Pops: Music of the People

by David Lyman


John Morris Russell leading the Cincinnati Pops Orchestra for “JMR’s Greatest Hits” in May 2022. Credit: JP Leong

There was a time—not so very long ago—when the word “Pops” conjured up images of show tunes and, if you were very lucky, a smattering of light classics.

But in today’s music world, the reality is that “Pops” can—and does—mean just about anything. Of course, we are more than a little spoiled here in Cincinnati. The Cincinnati Pops’ founder, the late Erich Kunzel, was one of the major proponents of moving beyond the old stereotype of Pops concerts. More than anyone since the Boston Pops’ legendary leader Arthur Fiedler, Kunzel broadened the scope of what it meant to be a Pops orchestra.

After Kunzel’s untimely death in 2009, John Morris Russell—one-time associate conductor of the CSO—returned to Cincinnati and championed a range of Pops programming that could hardly have been imagined a half-century ago.

Consider the trio of concerts that open the Pops’ 2022–23 season. They couldn’t be more different from one another. Yet all three of them live up to Russell’s oft-repeated mantra to “give the audience the good stuff.”

First up, on Sept. 10–11, we’ll hear the orchestra performing the Academy Award-winning score to Disney’s Beauty and the Beast. A week later (Sept. 16–18), John Morris Russell will lead a rousing tribute called “Hear Me Roar: A Celebration of Women in Song.” (See sidebar on page 18.) Finally, on October 25, the internationally renowned rapper/producer/actor/activist Common will join Pops Principal Guest Conductor Damon Gupton in an evening of hip-hop, poetry and jazz.

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Damon Gupton. Credit: Charlie Balcom

“Is this not what American music is all about?!” says JMR, with such gusto that you might think he was trying to be heard in the back row of Music Hall instead of speaking into a mobile phone. To someone not familiar with JMR, that might sound like a wild exaggeration. But to those of us who have come to know him during more than two decades of service to the Pops and the Cincinnati Symphony, it rings completely true. JMR is the quintessential proselytizer for music for the people.

“You know what I love about the variety of music that we’ll be performing?” he asks. “OK, there are lots of things. But I love that it demonstrates the great sense of pride that our musicians have in being able to play it all. Jazz. Classical. Hip-hop. A Hollywood score. Whatever it is, they play the living daylights out of it.”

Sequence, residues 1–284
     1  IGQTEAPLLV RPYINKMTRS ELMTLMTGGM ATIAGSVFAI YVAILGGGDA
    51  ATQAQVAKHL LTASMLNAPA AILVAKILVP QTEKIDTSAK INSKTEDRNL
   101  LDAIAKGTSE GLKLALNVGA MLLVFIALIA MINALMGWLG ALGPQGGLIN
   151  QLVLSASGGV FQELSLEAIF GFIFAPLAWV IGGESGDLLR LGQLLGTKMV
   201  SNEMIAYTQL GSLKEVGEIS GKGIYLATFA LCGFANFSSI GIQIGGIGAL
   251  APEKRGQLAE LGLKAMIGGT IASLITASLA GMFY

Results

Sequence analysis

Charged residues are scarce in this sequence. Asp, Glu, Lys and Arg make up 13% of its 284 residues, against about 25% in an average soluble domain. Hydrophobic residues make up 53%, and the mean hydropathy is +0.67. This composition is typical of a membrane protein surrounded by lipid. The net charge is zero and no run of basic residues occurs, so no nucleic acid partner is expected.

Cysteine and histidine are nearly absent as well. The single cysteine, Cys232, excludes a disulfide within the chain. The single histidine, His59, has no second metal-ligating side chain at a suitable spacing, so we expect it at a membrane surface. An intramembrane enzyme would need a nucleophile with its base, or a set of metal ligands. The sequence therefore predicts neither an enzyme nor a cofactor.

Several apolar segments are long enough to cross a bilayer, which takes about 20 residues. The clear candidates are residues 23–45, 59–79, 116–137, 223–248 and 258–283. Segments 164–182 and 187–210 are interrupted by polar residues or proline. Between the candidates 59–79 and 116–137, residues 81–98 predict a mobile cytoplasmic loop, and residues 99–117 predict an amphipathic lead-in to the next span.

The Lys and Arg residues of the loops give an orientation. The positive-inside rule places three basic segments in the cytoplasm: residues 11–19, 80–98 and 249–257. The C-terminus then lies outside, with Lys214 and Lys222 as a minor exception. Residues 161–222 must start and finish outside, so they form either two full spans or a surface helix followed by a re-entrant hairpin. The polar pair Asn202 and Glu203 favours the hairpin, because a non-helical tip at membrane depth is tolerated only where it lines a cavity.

Part of the Pops mission is to entertain—to present music that is popular. But in his eyes, an even greater part of the mission is to create performances that appeal to everyone—POPS is about music of and for the people. It is also about dispelling preconceptions that folks might have about so many different musical genres.

There is no better example of that than the Pops’ concert with Common, the Chicago-born artist who made his name as a rapper, but has expanded his career to become so much more than that.

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Common at the 2016 Classical Roots concert.

Within a decade after his first album in 1994, Common started popping up in guest acting gigs on television shows. That led to movies. In time, he created his own production company and, in 2016, he made his debut with a live orchestra when he appeared with the Cincinnati Symphony Orchestra as part of the Classical Roots series, with JMR conducting.

At the time, JMR admitted he wasn’t very familiar with Common’s work beyond the release of the musician’s Academy Award-winning song “Glory,” co-written by John Legend for the movie Selma.

Far from feeling slighted, Common was thrilled that JMR didn’t know him.
“That’s one of my favorite things about the position I’m in now,” Common said in 2016. “I love it when new ears and new people have a chance to hear my songs. Who knows where this will take me?”

Now, six years later, we know the answer to that question. Common was so enthused by that initial experience with the CSO, he started scheduling performances with other orchestras. Now, he does 10 or more a year.

“These performances are an excursion through the soul of music,” says Common. “There’s hip-hop and soul and jazz. And it’s all tied together with that beautiful sound of the orchestra. It adds so much depth to the sounds. And it convinces some people in the audience that it’s OK to listen, you know?”

He’s been emboldened by a particular scene in the 2021 film Summer of Soul, which chronicles the 1969 Harlem Cultural Festival. It took place at exactly the same time as Woodstock. But despite having a roster that was every bit as star-filled as Woodstock, the Harlem event was relatively unknown until the documentary was released.

Common was wowed by the film. But he was particularly struck by Nina Simone’s performance.

“She stood on that stage and read a poem,” he remembers. “She had so much soul and passion. There were thousands of people there, but she made it feel intimate, like a little jazz club. Usually, when you’re at a festival, you have to make the audience excited and give them the songs that they know. But she gave them what they needed. To me, that was impressive. I’m not Nina Simone, but if I can get up there in front of an audience and present a new thing, if I can help them experience something different…well, that’s what I want to do.”

Read the Pops Story Sidebar "Pops: Celebrating Women in Song"